James Pethokoukis examines whether Tim Pawlenty’s 5 percent growth target is achievable:
Overall, U.S. GDP growth has averaged 3.3 percent over the past 50 years, with roughly half coming from a growing labor force (1.6 percent) and half coming from higher productivity (1.7 percent). But with America aging, annual labor force growth is expected to slow dramatically to just 0.5 percent. The McKinsey Global Institute thinks a higher retirement age and smarter immigration policy could boost that rate to 1 percent or so. But even then, productivity growth would have to increase to 2.3 percent long term just to maintain that historic growth rate.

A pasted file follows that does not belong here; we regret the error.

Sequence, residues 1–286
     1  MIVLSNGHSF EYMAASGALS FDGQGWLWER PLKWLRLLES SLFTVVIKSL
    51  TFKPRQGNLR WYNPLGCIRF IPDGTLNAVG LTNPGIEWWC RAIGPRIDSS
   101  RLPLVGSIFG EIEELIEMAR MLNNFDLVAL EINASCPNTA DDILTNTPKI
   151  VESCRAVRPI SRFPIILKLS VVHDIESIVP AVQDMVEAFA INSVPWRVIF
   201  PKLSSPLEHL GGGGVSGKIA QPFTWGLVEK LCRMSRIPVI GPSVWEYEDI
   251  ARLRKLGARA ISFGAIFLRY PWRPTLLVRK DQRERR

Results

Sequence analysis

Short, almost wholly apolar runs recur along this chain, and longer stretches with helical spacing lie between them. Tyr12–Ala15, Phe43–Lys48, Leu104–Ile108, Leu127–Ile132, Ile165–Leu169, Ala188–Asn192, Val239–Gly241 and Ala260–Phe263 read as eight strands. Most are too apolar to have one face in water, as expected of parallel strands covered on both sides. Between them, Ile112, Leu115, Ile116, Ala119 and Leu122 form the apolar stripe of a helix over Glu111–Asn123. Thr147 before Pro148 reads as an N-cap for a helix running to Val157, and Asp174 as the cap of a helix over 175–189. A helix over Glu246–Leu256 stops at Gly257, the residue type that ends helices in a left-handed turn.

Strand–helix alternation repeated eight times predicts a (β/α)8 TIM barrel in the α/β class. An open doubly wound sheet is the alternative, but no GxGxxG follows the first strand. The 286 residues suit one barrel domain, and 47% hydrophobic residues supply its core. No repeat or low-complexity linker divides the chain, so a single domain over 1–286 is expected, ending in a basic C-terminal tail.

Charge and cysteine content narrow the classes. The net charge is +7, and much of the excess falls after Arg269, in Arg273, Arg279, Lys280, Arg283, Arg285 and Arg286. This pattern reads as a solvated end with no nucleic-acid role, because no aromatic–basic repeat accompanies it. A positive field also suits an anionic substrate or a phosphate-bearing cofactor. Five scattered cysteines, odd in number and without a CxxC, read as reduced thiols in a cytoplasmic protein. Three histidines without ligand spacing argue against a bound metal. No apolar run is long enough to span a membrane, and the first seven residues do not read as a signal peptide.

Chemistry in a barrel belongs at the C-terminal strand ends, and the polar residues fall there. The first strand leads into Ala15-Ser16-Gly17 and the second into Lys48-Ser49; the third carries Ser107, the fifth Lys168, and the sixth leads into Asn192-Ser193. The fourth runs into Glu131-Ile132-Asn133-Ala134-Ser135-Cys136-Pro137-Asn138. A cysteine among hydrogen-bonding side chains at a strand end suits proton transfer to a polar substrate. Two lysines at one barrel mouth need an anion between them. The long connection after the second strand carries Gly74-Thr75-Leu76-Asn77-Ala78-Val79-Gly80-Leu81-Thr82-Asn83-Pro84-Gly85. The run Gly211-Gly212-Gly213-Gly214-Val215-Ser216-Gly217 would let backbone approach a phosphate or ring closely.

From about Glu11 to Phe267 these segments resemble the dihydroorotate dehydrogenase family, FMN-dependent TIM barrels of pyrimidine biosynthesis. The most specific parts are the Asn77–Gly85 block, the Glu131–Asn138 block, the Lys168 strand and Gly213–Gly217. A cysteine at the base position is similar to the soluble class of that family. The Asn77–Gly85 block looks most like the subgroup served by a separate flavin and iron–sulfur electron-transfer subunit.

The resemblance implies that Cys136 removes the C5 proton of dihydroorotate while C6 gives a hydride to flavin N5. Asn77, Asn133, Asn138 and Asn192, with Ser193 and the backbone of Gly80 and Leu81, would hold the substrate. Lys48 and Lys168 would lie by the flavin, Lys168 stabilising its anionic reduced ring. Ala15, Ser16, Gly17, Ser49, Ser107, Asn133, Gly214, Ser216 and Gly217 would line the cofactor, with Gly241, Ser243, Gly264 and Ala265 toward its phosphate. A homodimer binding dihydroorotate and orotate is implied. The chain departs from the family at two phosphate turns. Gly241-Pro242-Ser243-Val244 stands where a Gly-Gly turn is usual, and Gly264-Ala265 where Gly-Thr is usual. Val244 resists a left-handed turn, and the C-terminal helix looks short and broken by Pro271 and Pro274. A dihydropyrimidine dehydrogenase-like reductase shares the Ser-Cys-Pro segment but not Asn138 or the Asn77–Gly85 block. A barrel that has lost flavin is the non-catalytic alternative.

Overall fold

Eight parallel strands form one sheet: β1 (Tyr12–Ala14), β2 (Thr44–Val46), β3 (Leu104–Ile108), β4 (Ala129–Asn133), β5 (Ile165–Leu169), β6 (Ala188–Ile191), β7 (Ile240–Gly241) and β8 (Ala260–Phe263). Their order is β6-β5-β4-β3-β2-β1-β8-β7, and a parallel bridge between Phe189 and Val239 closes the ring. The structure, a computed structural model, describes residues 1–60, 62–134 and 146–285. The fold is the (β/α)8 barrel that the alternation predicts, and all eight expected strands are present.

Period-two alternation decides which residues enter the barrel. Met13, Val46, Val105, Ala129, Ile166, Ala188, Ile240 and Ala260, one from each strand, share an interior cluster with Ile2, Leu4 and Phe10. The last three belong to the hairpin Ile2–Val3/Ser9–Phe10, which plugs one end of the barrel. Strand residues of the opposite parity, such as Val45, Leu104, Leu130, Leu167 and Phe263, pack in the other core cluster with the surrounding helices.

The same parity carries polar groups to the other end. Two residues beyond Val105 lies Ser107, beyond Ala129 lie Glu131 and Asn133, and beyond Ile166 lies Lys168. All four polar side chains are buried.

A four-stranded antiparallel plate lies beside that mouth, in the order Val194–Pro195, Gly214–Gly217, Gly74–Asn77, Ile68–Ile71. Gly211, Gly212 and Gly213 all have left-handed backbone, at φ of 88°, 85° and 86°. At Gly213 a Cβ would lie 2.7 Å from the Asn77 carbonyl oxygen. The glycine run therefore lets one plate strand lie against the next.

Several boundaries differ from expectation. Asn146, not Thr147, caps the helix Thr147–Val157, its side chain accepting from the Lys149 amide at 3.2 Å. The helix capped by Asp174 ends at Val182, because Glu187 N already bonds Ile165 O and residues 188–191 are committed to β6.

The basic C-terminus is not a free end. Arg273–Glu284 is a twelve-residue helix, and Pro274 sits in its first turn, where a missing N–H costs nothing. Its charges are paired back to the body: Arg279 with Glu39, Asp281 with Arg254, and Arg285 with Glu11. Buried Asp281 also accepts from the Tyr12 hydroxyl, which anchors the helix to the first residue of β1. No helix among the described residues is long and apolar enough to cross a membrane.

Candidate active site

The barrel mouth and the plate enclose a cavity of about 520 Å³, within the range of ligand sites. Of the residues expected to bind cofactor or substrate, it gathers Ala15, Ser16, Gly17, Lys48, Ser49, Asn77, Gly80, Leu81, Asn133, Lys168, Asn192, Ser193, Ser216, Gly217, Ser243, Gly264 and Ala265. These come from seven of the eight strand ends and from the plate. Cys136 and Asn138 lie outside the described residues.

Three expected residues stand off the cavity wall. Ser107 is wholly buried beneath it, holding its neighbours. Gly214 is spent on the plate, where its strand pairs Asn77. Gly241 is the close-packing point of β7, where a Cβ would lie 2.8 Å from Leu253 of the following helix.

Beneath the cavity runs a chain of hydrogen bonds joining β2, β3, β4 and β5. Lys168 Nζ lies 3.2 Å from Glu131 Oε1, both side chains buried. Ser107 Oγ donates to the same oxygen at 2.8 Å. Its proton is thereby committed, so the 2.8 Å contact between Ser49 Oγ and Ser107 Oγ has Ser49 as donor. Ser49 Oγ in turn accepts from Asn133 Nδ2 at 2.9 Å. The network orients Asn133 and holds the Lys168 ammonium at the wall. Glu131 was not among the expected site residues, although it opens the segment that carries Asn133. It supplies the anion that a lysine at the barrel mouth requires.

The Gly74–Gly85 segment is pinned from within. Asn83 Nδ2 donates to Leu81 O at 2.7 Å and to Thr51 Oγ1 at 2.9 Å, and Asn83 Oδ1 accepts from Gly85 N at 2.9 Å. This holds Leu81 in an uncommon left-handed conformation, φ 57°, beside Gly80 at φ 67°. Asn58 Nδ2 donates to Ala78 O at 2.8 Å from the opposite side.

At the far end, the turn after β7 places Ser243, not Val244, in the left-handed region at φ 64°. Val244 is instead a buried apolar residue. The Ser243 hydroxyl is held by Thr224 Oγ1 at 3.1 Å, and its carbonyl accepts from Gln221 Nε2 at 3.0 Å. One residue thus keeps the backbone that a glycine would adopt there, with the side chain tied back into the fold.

The good news is that McKinsey thinks that’s possible, too. One move it recommends is enhancing the U.S regulatory environment. Another is reducing marginal tax rates. Both actions are in line with the Pawlenty agenda. Pawlenty’s proposal to eliminate capital gains taxes would create a de facto consumption tax, which many economist think good for growth. He would also lower the top individual tax rate to 25 percent and the top corporate rate to 15 percent.
This would still require the economy to grow faster than during either the 1980s or ’90s booms.